The AJ-C decides to indulge in a little salary bashing with this Steve Hummer piece featuring Andrew Zimbalist. I don’t know what it is about how the laws of the market should somehow miraculously disappear when it comes to paying coaches, but these guys obviously believe they should.
… How much, then, is too much?
A thorny question, both practically and ethically.
Free marketers always will suggest that competition for talent drives the process.
That, of course, is the view within the coaching ranks, but it also can be heard out there in academia.
According to state figures, the highest-paid professor at Georgia Tech makes $385,000. At Georgia, the top pay is $271,000. That’s the peak. The average, obviously, is less. And aren’t professors the ones who really define the mission of a university?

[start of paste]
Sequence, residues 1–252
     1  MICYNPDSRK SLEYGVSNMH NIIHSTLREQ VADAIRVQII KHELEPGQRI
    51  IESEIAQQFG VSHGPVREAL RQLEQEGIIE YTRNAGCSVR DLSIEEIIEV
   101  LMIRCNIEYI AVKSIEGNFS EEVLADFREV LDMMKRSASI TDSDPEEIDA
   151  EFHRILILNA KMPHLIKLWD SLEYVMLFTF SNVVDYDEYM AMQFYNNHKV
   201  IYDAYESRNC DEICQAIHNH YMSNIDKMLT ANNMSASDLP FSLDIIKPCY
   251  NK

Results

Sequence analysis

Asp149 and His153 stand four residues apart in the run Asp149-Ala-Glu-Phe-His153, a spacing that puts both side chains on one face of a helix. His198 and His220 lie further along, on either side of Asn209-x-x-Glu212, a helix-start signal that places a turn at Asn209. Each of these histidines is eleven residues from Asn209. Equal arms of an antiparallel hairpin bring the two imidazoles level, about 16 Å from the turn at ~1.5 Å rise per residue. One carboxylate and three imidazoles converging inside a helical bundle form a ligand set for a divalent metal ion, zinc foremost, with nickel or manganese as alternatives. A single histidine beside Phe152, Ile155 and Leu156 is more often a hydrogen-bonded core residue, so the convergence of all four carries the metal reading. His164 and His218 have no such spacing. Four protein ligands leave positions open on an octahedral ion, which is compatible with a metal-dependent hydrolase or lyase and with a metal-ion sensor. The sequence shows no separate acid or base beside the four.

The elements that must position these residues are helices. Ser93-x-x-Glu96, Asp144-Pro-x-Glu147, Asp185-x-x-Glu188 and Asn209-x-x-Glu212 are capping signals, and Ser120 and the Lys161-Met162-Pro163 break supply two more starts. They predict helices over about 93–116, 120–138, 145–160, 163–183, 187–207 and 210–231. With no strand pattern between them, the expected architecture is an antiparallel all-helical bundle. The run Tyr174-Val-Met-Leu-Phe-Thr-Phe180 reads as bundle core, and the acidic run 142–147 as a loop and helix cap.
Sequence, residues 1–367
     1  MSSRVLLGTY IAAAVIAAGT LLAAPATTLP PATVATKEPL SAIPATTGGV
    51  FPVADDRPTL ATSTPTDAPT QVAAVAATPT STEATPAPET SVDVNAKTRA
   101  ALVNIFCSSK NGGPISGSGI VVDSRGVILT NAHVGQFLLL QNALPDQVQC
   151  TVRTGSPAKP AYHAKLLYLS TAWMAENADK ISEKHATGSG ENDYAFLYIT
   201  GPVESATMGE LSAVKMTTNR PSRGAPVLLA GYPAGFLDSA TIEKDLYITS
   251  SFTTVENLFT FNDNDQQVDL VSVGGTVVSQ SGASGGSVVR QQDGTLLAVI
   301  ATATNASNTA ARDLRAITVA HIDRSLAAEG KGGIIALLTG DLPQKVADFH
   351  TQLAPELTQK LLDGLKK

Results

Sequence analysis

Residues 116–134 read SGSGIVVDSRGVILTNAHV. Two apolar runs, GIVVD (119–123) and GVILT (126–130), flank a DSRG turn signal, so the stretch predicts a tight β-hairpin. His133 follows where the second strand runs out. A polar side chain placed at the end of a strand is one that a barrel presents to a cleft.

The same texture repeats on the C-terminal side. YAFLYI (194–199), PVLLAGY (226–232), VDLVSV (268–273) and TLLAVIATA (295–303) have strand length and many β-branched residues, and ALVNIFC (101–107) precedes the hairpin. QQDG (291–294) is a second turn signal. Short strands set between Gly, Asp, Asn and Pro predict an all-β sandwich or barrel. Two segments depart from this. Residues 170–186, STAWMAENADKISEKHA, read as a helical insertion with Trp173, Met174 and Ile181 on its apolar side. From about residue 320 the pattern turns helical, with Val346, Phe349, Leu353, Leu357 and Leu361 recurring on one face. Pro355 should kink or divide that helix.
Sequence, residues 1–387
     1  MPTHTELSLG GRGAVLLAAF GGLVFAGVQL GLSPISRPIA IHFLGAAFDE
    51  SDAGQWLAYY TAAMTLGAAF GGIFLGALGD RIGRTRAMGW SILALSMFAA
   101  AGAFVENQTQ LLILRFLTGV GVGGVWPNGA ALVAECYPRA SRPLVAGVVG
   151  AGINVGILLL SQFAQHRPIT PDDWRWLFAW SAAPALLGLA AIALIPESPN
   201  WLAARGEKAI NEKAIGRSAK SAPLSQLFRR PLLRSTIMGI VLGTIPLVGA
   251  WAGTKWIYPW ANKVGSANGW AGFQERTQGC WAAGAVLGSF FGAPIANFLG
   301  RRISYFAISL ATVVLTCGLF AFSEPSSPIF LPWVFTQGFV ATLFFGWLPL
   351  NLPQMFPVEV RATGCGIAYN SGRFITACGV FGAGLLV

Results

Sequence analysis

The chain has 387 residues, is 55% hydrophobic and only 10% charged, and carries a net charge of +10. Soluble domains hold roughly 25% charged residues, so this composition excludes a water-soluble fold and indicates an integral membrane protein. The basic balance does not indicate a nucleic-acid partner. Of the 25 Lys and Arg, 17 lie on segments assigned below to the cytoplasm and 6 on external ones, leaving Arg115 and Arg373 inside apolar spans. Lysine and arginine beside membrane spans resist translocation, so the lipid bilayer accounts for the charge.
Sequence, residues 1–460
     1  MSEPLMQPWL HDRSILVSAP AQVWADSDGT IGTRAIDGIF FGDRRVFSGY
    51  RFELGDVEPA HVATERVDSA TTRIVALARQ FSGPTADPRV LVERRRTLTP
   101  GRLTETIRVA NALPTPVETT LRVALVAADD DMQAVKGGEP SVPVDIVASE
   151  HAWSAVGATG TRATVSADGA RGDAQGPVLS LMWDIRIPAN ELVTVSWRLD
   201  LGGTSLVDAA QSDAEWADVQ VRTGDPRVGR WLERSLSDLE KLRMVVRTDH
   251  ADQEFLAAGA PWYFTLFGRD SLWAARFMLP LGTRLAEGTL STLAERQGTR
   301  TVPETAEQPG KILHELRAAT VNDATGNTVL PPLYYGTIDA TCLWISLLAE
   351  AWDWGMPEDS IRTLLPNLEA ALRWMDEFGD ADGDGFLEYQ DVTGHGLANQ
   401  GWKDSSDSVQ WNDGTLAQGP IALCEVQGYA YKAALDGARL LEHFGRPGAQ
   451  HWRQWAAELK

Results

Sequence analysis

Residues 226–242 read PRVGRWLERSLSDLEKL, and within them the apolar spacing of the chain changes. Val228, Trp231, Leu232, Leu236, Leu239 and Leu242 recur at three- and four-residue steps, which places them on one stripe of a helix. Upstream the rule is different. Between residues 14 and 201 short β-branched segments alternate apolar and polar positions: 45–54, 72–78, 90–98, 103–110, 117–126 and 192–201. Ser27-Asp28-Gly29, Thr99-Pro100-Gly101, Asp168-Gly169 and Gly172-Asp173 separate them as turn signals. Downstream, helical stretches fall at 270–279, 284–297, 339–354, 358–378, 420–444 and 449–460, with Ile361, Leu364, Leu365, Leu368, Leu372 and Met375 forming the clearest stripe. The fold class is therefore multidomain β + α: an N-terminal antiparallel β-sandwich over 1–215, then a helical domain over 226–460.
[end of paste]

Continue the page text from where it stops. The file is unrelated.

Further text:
Steve, ol’ buddy, when a professor can command a $100 a plate ticket, that’s when you’ll start to see salaries match up.
People don’t pay for “missions”. If they did, sports writers would be paid more for what they write, since that’s the mission of a newspaper’s sports page.
“It comes down to, what is the value system of the culture?” Curry said. “In the value system of this culture, a coach who can go into a high-pressure situation and win big is worth a certain amount of money. If the value system were different, if it were predicated on accomplishment in academics or in social action or other important things, it would be a different system, obviously.”
Curry continued, “People who think coaches and [professional] players are overpaid, they’re in complete control in a free market and they always have been. All they have to do is not go to the games and turn off the television. [Salaries] will go down, that’s just a fact of life. Pay will drop drastically if you keep not watching.”
When Bill Curry winds up as your voice of reason, it’s time to change the subject.